President Joe Biden declared a state of emergency in California on Monday due to a series of winter storms that have left many people without power.
In the past 10 days, at least 12 people have been killed and hundreds of thousands of homes and businesses have been without power. The National Weather Service has warned of a "relentless parade of cyclones" that will increase the risk of flooding.
After a round of heavy rain on saturated soils, there will be a lot of flood potential with rapid river rises, mud slides and burn scar flash floods or debris flows.
During his visit to Mexico City, the president approved the emergency declaration for California. According to the governor, he is in close contact with the White House to make sure the state gets the aid it needs.A resident walks along a flooded street, after “atmospheric river” rainstorms slammed northern California, in the coastal town of Aptos, January 5, 2023.
The White House said that the president's emergency declaration allows the Department of Homeland Security and the Federal Emergency Management Agency to coordinate all disaster relief efforts.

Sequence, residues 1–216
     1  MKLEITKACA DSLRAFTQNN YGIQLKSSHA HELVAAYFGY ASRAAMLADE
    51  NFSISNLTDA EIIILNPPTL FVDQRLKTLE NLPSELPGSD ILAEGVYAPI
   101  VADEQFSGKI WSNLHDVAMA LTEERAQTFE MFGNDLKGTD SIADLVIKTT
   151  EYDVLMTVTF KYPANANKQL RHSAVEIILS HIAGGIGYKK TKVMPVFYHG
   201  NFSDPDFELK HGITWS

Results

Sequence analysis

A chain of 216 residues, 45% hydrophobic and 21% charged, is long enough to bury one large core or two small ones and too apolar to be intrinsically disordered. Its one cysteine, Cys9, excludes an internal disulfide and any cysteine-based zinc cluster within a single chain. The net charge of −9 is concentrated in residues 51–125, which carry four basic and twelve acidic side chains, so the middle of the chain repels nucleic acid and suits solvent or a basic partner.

The counties covered by the declaration are El Dorado, Los Angeles, San Bernardino, San Francisco, Santa Clara, Santa Cruz, Sonoma, and Ventura.
More than 130,000 homes and businesses in California are still without power, according to data from Power Outage.us. Pacific Gas and Electric, the state's largest power company, said on its website on Sunday that more than 4,100 crews are staged throughout its service area, which includes the regions most affected by the storms.A flooded street after a rain storm in the Aptos Beach Flats neighborhood in Aptos, California, US, on Sunday, Jan. 8, 2023.
When a cold air mass collides with a warm air mass, it's called a bomb cyclone.
The ground in California is so saturated that it is more vulnerable to flooding in the upcoming storms, according to the National Weather Service.